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Respiratory Therapist/MAC lung infection


Hello. I was diagnosed with MAC lung infection about 3 years ago. I hope you know what it is. Apparently many millions of people have this with no cure for it anywhere. My own internist knows of this disease quite well and all of the other doctors I see have seen this quite often. The therapies are slim and do not cure this disease. It is chronic. I have been to two pulmiologists with all the tests they can do. Basically for my age 81 I am well. The last doctor I saw an infectious disease specialist was quite knowledgeable and for two years I took a cocktail of antibiotics. He found it is in the very tiny lower veins of my lungs very hard to get to. I am not cutting my lungs up. I am healthy I don't cough blood or have lost weight. My question is I have a chronic cough due to the mucus which is in my chest.  I don't expect to cure the MAC but am wondering if I can take something to dry up the mucus. My doctor gave me an inhaler of some kind and the first puff I got heart palpations. I was wondering if I can do an outpatient procedure with a respiratory therapist to help dry this up. Not having the mucus would make it easier to live with. I could try another inhaler but am not sure which one is more safe.  If you have any input I would so appreciate it. Thanks Theresa

Hello Theresa,

I will be honest, I do not have an intinate knowledge of MAC Pneumonia, but what I do recall is that it is a unique brand of pneumonia caused by Tuberculosis (TB). Did you have TB at some point in your life?  In the research I performed the past couple days, I found a specific article that discusses a successful treatment for that specific bacteria. Please copy and paste this web site into your web site address line:

I hope you will find it very useful. It appears the combination of rifampicin, ethambutol, and clarithromycin CAN be helpful in treating this condition. As for the actual secretions, some docotrs prescribe an old-school treatment of nebulized/inhaled Atropine as a drying agent to dry up the overproduction of sputum. I hope this info helps, but please do touch base with me if I can be of any more help.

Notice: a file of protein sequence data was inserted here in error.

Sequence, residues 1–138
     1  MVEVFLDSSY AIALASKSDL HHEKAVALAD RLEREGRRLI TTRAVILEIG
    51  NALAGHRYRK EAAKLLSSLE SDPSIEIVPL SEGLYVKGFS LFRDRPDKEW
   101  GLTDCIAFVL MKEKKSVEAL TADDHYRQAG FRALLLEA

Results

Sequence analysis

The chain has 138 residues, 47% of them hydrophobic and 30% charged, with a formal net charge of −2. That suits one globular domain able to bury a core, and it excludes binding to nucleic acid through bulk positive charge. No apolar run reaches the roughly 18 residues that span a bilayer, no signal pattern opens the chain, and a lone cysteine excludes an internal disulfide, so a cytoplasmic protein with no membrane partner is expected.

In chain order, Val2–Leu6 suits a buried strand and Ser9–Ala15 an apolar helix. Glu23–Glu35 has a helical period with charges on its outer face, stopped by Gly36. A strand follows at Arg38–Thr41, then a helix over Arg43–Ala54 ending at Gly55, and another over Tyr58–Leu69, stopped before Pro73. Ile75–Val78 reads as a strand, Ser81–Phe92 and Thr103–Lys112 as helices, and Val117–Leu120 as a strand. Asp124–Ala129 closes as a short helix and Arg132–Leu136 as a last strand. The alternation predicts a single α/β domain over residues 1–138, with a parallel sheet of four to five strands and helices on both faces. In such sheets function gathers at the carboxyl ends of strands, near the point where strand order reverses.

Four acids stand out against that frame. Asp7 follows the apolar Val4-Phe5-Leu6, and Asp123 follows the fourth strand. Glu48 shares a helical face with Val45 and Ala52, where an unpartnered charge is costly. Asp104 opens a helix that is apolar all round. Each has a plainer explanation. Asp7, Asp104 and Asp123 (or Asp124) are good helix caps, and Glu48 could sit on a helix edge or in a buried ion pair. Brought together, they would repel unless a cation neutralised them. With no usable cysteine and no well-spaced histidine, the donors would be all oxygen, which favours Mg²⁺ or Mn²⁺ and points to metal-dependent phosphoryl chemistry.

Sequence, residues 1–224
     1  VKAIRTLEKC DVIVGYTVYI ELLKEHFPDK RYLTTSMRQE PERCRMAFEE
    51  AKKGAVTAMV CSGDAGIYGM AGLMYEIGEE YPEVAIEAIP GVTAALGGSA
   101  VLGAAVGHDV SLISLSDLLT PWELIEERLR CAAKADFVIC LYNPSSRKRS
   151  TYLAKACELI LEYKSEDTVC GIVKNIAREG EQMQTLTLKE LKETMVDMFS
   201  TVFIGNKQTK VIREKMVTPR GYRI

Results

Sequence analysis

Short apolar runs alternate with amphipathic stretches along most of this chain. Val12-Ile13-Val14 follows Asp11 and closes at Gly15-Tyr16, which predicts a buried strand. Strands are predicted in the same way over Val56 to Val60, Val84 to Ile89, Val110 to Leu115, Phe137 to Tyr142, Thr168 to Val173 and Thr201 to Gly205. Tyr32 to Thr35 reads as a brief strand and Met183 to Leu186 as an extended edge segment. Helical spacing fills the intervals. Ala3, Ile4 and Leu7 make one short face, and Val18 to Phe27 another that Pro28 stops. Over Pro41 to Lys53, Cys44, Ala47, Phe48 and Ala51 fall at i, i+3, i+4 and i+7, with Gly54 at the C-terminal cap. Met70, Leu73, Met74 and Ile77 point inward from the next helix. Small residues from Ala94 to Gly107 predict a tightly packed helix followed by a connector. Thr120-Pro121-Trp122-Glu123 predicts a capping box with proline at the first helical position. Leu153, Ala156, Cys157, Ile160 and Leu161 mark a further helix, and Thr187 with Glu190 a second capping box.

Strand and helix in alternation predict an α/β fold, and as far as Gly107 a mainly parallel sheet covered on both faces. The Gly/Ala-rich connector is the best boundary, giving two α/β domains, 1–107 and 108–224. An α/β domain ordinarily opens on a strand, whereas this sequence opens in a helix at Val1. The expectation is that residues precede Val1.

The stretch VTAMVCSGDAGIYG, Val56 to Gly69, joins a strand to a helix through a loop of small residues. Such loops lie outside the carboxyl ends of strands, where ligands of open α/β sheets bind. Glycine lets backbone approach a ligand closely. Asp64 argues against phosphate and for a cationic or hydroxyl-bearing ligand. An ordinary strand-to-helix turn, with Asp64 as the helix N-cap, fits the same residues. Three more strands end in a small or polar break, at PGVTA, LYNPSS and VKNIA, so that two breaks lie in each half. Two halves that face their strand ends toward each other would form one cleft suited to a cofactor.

Best of health to you!

Larry, RRT  

Respiratory Therapist

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Larry W. Wical, BA-RRT


I CAN answer: ALL questions and queries related to the following topics... - Oxygen - Asthma - COPD - Bronchitis - Emphysema - Pneumonia (Viral/Bacterial) - Tuberculosis (TB) - SARS - Influenza (Flu) - Vaccines - Pulmonary Embolism - Pleural Effusion - Atelectasis - Inhalation injuries (burns, chemicals, etc.) - PFTs - Cardiovascular health - Sleep Apnea - BiPap/CPAP - Ventilators (Respirators) - Aspiration injuries - Thoracic injuries - Lung contusions - Tracheal injuries - Artificial Tracheostomy - Secretions - Prolotherapy/Regenerative Injection Therapy (RIT): A patient's experience/perspective - General health and fitness - Prolotherapy (from a patient's perspective) I CANNOT answer: Questions that vary too far from my primary scope of pulmonary and cardiovascular care and fitness. I promise to be open and honest about my knowledge of submitted topics, and will always openly provide my personal as well as professional feedback as it relates.


Registered Respiratory Therapist (RRT, RCP) since 2005. I have worked primarily in the acute care, critical care, burn care and home care settings.

NBRC - National Board of Respiratory Care AARC - American Association of Respiratory Care

-All About Kids Magazine -The Clermont Sun -Cincy Sports & Fitness Magazine -Many online Fitness and Health blogs and "webazines"

- B.A. in Communication (1997) - A.A.S. in Respiratory Science (2005) - RRT license (state of OH, KY and IN) - Basic Life Saving (BLS) - Advanced Cardiovascular Life Support (ACLS) - Advanced Burn Life Support (ABLS)

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Currently work in the city's largest academic/research hospital.

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